Parliament’s portfolio committee on higher education has slammed student disruptions at the presidential fees commission hearing in Cape Town earlier this week.
On Tuesday, student activists tried to block University of Cape Town vice-chancellor Max Price from taking part.
Chairperson of the committee Connie September said on Wednesday that when university matters are dealt with, stakeholders should do so in a manner that would bring about solutions.
“We should not tolerate a situation where the commission is being stopped and muddied by acts of violence. There would not be a proper outcome if the commissioners’ work under threats,” she said.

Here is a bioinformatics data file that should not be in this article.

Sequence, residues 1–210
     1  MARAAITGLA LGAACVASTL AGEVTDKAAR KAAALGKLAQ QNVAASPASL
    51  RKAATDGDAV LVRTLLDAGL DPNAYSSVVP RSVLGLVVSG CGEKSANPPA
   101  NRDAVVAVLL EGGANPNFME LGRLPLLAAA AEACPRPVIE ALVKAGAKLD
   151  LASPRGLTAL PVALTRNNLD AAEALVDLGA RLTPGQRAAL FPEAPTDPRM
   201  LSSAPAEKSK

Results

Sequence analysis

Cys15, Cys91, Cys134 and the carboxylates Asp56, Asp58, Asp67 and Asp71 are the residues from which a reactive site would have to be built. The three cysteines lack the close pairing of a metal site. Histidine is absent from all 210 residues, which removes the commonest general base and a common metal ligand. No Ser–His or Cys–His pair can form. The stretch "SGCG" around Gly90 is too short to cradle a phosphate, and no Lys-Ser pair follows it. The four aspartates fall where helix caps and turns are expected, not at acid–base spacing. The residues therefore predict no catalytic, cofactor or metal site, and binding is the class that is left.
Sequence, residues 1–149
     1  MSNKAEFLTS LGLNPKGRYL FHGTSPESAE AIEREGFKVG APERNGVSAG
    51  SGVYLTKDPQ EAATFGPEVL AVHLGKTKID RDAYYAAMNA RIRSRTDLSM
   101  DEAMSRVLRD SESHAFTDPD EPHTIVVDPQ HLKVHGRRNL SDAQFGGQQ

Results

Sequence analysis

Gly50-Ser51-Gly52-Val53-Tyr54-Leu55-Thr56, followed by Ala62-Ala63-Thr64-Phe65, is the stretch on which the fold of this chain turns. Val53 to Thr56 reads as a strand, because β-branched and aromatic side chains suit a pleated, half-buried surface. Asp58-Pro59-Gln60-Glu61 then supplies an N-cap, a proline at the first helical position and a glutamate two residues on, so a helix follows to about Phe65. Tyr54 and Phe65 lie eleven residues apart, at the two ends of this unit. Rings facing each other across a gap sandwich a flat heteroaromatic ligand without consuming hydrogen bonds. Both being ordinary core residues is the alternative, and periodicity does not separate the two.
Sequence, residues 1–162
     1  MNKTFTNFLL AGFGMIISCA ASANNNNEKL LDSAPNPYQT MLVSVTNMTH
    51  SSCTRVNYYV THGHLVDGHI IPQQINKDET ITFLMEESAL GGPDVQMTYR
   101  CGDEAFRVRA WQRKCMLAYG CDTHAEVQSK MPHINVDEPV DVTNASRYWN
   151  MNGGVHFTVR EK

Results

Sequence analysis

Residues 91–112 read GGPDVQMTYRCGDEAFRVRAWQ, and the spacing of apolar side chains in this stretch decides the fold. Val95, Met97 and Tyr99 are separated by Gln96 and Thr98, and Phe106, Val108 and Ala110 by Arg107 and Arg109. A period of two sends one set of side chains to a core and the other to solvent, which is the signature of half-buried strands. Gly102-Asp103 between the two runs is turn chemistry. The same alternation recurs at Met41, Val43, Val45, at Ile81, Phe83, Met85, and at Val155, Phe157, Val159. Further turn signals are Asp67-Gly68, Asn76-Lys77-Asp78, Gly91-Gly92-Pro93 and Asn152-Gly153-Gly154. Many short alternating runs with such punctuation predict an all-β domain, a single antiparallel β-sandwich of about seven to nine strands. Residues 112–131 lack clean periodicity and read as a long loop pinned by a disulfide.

The commission, set up by President Jacob Zuma following last year’s Fees Must Fall protests, is travelling the country to look into the feasibility of free higher education in the country.
A hearing in East London last week was also disrupted last week.
September said the committee could not accept what happened in the hearings and asked the department to provide feedback on the way forward.
In dealing with the matter, however, it could not be met with violence and threats, she said.
Deputy Minister Mduduzi Masina said the committee’s view would be passed on to the presidency, as the commission fell under its ambit.